I submit that the unifying core, the essence of jerkitude in the moral sense, is this: the jerk culpably fails to appreciate the perspectives of others around him, treating them as tools to be manipulated or idiots to be dealt with rather than as moral and epistemic peers. This failure has both an intellectual dimension and an emotional dimension, and it has these two dimensions on both sides of the relationship. The jerk himself is both intellectually and emotionally defective, and what he defectively fails to appreciate is both the intellectual and emotional perspectives of the people around him. He can’t appreciate how he might be wrong and others right about some matter of fact; and what other people want or value doesn’t register as of interest to him, except derivatively upon his own interests. The bumpkin ignorance captured in the earlier use of ‘jerk’ has changed into a type of moral ignorance.
The opposite of the jerk is the sweetheart. The sweetheart sees others around him, even strangers, as individually distinctive people with valuable perspectives, whose desires and opinions, interests and goals are worthy of attention and respect. The sweetheart yields his place in line to the hurried shopper, stops to help the person who dropped her papers, calls an acquaintance with an embarrassed apology after having been unintentionally rude. In a debate, the sweetheart sees how he might be wrong and the other person right.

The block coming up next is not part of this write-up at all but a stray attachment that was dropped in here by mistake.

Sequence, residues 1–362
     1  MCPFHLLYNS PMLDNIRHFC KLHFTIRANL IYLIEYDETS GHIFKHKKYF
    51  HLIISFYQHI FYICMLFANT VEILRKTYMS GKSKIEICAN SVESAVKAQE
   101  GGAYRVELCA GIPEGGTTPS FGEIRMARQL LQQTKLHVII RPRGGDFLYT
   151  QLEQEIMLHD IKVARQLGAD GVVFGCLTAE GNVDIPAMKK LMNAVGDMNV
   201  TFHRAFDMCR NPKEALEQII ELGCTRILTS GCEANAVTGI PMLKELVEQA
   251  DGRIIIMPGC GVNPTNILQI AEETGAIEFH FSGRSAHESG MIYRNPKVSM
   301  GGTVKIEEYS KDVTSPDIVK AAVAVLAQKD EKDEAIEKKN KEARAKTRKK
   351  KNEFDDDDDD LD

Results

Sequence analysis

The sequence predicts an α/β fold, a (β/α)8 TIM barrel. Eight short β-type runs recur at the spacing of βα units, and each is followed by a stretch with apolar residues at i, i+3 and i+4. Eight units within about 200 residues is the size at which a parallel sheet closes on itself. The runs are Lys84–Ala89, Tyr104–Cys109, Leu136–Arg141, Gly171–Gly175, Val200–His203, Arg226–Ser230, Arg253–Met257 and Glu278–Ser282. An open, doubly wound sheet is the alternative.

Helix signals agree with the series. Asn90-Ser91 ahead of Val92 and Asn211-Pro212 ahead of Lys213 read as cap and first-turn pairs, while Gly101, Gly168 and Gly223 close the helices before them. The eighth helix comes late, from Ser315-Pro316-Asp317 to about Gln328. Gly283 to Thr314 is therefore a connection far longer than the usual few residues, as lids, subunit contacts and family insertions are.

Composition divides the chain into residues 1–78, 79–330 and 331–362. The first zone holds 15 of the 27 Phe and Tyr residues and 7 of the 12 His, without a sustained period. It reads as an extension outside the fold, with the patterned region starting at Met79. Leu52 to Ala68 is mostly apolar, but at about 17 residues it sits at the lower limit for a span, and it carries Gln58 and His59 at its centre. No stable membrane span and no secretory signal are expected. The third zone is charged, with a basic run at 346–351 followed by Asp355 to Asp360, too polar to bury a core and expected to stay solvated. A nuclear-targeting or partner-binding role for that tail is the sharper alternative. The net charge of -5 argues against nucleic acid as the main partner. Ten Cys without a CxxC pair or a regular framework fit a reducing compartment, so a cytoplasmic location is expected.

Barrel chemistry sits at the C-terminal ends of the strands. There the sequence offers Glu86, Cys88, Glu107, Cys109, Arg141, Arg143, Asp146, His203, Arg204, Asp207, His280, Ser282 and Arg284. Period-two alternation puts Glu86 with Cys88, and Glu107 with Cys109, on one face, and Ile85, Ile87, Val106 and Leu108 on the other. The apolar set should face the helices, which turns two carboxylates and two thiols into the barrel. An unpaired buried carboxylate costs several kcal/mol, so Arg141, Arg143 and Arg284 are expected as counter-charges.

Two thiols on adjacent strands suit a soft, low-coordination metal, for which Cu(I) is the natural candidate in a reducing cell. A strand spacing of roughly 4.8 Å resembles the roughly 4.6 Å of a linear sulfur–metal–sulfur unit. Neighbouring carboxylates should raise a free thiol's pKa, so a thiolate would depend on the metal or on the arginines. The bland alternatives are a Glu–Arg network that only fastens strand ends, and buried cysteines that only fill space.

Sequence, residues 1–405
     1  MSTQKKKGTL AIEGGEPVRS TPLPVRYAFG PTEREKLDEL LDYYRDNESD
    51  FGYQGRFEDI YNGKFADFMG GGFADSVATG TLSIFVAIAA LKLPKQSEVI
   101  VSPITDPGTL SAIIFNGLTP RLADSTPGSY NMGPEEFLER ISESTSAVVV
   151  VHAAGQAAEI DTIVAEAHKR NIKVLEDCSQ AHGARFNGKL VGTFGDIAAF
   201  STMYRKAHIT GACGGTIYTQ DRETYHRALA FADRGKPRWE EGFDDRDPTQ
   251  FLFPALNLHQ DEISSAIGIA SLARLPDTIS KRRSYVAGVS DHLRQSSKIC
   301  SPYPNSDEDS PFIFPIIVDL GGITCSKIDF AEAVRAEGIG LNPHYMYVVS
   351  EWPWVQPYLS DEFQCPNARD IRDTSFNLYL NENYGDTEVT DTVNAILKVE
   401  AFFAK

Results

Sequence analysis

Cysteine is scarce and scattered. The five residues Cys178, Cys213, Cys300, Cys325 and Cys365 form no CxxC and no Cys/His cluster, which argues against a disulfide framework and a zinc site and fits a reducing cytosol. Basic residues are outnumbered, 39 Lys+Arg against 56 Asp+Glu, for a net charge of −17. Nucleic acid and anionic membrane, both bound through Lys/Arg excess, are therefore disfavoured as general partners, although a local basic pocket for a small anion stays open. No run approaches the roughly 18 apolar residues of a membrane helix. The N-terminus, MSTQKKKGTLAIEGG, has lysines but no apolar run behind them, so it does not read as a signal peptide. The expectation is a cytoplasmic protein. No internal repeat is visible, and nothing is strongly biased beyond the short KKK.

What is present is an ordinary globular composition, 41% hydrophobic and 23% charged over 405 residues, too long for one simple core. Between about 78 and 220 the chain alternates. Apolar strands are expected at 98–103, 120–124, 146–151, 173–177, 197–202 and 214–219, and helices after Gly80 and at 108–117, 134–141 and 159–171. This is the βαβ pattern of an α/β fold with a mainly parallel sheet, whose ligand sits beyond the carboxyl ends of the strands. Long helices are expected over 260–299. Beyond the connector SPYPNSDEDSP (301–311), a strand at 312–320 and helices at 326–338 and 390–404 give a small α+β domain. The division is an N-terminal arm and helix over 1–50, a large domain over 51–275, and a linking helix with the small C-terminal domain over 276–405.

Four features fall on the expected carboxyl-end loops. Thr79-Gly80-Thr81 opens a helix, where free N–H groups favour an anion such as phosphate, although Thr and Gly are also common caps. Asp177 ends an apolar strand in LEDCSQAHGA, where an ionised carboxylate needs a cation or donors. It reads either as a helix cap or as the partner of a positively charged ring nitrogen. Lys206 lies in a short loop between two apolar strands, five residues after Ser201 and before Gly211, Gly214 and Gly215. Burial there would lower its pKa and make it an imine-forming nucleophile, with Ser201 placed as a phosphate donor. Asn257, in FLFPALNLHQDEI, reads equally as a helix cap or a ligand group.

New York - Night. Skyline of Lower Manhattan.
New York City is stunning when it is teetering on the brink of midnight without a trace of the day anywhere in sight.
Skyscrapers come to life casting their light over the water like nets; steely-eyed fishermen with gleaming eyes.
And as the wind slow dances across the surface of the water with the city lights, the rest of the world seems to slip away.
This is a 20 second long exposure taken late at night with the Sony NEX-7 overlooking the New York City skyline of lower Manhattan and Pier 17. In this scene: the skyscrapers of the Financial District including the Woolworth Building, 1 WTC (also known as the Freedom Tower), New York by Gehry, and the South Street Seaport.
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